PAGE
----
I wrote my brother a postcard. It was a Futurama postcard, came in a dvd we bought of one of the movies they made. “Bender’s Big Score” maybe. On the postcard I wrote, “Futurama is more important than poetry. So what? Wanna fight about it? That’s a Family Guy reference. This moment in cultural appreciation brought to you by me.”
The joke, poor and underdeveloped as it may be, is that I had written a poem about how a cartoon was more important than poetry. Again, not exactly a knee slapper, but I am alone in my house and so is he and so I figured writing something was better than nothing and that’s what I wrote so I sent it. I don’t know if it’s true, or even if I believe it. In regards to what is important I am agnostic. I recognize, for instance, the possibility that nothing is important at all. That particular proposition seems to have the most evidence, to be honest.
At any rate, I do like poetry. I am not versed in it, har har, but I like some of them. Pablo Neruda, for example, wrote a lovely book of poems called “Odes to Common Things”. Its actual title is something like “Odas a Cosas Corriente”. I’m not sure because the book is at my brother’s house, coincidentally, and the power is out so I have no wifi and can’t look it up.
Oh, it just came back on. Weird. The Spanish version is called “Odas elementales”, so I wasn’t even close.
I mostly like poetry when it appears in prose though. I like the poetic arrangement of words in a prosaic context, is a more obtuse way of saying that. Being basically ignorant of what poetry actually is I find it all over the place. The first chapter of “The Phantom Tollbooth”, for example. Douglas Adams does it all the time, in describing the particular sensation of Thursday, or pontificating on the allure of digital watches.
Philosophy is related too. When Calvino uses whatshisname to discuss the deduction of the nature of the universe from the properties of an ocean’s wave, what is that but philosophy? What is that but poetry? They are the same. Very distinct, of course, actually. But, you know, they do both make pretty with words and ideas.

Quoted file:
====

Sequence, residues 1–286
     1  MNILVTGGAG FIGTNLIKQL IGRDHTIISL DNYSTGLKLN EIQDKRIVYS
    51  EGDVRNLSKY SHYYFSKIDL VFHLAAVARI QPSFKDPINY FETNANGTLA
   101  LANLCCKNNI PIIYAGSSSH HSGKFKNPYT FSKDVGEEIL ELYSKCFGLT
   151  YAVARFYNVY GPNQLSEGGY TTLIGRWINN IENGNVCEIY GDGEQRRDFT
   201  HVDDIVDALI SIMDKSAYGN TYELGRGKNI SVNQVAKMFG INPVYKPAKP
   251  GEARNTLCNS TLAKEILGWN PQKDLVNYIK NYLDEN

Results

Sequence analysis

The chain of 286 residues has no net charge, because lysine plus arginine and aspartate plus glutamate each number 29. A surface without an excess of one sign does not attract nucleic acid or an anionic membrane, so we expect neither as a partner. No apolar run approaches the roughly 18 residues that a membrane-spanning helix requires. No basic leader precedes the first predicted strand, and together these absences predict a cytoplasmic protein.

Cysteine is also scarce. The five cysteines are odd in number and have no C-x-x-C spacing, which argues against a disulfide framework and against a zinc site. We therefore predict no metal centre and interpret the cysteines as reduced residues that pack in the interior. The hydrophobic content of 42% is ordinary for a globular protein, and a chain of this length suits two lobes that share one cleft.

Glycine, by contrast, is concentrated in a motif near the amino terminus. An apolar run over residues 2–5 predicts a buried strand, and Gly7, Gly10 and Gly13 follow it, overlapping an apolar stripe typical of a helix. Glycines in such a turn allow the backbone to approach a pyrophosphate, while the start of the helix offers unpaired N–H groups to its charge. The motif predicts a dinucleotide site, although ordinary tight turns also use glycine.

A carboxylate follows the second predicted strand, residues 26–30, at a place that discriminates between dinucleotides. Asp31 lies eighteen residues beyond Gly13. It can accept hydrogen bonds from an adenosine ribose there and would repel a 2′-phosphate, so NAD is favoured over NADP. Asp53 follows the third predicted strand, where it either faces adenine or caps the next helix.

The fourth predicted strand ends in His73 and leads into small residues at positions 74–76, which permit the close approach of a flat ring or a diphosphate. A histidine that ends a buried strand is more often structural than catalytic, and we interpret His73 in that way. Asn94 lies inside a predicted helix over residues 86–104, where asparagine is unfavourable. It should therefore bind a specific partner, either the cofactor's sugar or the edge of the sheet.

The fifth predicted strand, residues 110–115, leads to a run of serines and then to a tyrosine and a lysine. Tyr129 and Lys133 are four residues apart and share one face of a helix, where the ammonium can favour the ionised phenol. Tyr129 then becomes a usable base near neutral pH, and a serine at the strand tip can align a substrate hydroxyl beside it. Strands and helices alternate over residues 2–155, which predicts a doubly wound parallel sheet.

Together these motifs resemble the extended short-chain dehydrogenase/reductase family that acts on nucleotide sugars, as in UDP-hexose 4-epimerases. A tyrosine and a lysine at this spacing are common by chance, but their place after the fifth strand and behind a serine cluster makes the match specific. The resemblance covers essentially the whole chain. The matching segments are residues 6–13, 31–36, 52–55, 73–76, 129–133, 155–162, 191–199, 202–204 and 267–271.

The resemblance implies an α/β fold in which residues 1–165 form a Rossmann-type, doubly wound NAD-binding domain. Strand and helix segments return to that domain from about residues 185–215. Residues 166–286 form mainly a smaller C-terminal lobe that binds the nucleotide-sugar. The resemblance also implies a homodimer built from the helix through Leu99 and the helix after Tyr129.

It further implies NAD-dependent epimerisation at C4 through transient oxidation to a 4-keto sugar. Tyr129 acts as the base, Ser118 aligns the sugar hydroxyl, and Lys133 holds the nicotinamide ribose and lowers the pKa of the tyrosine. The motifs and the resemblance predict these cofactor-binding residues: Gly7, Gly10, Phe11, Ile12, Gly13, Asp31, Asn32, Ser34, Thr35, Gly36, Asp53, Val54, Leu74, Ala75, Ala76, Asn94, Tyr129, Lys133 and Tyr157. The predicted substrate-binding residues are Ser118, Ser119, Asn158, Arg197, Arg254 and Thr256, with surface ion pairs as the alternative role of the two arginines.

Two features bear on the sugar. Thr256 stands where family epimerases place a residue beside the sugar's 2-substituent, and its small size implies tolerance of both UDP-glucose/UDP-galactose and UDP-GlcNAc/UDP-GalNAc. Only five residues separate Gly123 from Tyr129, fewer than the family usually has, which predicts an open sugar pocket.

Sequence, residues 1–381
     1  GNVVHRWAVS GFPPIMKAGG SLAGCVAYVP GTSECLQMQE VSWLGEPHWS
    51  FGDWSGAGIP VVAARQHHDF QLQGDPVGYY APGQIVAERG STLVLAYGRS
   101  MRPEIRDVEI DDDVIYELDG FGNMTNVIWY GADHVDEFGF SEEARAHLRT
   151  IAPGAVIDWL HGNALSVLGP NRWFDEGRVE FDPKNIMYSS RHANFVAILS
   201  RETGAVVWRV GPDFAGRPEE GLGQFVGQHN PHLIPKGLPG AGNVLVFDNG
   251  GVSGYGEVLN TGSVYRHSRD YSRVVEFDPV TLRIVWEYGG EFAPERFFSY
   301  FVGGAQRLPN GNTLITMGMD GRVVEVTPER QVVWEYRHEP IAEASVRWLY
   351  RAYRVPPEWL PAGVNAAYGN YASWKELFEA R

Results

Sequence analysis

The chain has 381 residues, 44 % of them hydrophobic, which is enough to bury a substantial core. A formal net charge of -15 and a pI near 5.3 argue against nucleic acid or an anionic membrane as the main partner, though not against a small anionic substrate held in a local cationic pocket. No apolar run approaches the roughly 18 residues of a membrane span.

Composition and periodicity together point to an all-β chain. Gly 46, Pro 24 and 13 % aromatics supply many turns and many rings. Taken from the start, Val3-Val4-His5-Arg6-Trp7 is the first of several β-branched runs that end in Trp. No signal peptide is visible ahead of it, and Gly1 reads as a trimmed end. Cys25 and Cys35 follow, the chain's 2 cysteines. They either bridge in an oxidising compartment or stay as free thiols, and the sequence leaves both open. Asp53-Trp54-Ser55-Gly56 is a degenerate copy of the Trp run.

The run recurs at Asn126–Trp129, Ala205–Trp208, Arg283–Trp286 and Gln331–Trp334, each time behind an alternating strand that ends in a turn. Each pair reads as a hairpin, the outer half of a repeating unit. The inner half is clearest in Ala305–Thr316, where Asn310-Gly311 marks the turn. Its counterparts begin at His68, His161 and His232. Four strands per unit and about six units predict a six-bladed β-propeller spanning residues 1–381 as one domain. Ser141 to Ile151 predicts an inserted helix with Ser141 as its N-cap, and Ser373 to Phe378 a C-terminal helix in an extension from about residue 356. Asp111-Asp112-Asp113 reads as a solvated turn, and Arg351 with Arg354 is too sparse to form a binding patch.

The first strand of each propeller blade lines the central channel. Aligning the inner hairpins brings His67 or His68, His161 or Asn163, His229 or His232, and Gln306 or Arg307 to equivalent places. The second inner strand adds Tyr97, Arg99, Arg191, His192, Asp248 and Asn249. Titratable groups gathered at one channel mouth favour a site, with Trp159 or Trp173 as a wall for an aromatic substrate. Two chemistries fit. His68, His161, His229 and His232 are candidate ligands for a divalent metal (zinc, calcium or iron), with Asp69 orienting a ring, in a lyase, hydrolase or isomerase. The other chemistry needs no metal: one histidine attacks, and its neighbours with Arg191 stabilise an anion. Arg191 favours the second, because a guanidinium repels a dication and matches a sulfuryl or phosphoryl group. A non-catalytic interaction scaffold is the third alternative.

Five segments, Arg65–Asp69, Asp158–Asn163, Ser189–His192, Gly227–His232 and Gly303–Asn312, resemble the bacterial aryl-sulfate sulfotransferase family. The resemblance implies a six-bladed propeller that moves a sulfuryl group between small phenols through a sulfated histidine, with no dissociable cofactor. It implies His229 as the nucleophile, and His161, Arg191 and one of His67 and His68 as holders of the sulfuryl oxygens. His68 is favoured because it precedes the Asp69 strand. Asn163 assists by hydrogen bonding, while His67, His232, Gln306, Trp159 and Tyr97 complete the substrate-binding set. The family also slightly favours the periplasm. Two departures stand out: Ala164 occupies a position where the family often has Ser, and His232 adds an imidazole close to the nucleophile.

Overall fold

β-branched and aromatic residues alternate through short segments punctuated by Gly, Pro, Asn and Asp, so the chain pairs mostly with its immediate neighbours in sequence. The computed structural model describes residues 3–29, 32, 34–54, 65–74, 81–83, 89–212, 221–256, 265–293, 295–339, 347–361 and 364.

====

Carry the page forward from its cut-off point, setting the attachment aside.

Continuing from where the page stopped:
So, I read this book. That’s a lie. I’m reading this book. It’s very good, and I try to make notes about a book I want to review while I read it but as I sit down to take notes, I find myself writing the review. It’s good actually, because I won’t spoil the ending. It’s by a poet, Ocean Vuong. That’s a solid handle. Vuong means ‘king’ in Vietnamese so translingually it reads as Ocean King. Hard to beat! It’s called “On Earth We’re Briefly Gorgeous”. It is not a book of poetry, but it has a lot of poetry in it. According to me. I am nobody.
It’s about a boy and his mom and that’s it. Dad is nobody. Grandad is nobody. The protagonist has a step-grandad, maybe, something like that, a USAer who married a Vietnamese sex trafficker during the war who was already pregnant with someone else’s kid, whatever title that earns you. “Tough life” could be talking about a half dozen people there!
So, he tells his story. It’s a letter to his mom. He made it to the states. Mom lived through horrific occurrences during the war, the kind of thing we all know happened, but none of us believe it. So, she beats him, remember Ma? She’s all messed up! Grandma went senile but has her moments. The protagonist, it must say the name, but I don’t remember, fell in love with a boy at camp. The story is good, it’s interesting. But, as pretty much always, it’s how the story is told, not what the story is.
“It has started to rain; the dirt around the woman’s bare feet is flecked with red-brown quotation marks-her body a thing spoken with. Her white shirt clings against her bony shoulders as she sweats. The grass all around her is flattened, as if god has pressed his hand there, reserving a space for an eight day. It’s a beautiful country, she’s been told, depending on who you are.”
“We had eggs sautéed in diced tomatoes and fish sauce over rice for dinner. I was wearing a grey-red plaid button-up from L.L. Bean. You were in the kitchen, washing up, humming. The TV was on, playing a rerun of Rugrats, Lan clapping to the animated show. One of the bulbs in the bathroom buzzed, the wattage too strong for the socket.”
“Inside a single-use life, there are no second chances. That’s a lie but we live it. We live anyway. That’s a lie but the boy opens his eyes. The room a grey-blue smear. There’s music coming through the walls. Chopin, the only thing she listens to. The boy climbs out of bed and the corners of the room tilt on an axis, like a ship.”
Ok. Well, a lot of hyphenated colors. And other hyphens. Too many hyphens, possibly. But goddamn, is that not poetry? I actually don’t know. It seems pretty poetic to me though, and it makes the story interesting. It’s weird to think about, but the story of a closeted gay son of an abuse Vietnamese war refugee could have been boring. Some people aren’t good at telling stories. Ocean Vuong? He’s good. Just maybe cool it with the hyphens.
Anyway. It’s a good book. I should review a shitty book sometime, switch it up. Why though? Jesus. Bad enough to take the time to read one then to actually write about it. Bad enough the time it took to write one in the first place! A sweater could have been knitted. If you can’t tell, I’m having a hard time wrapping this one up. So I’m just gonna stop.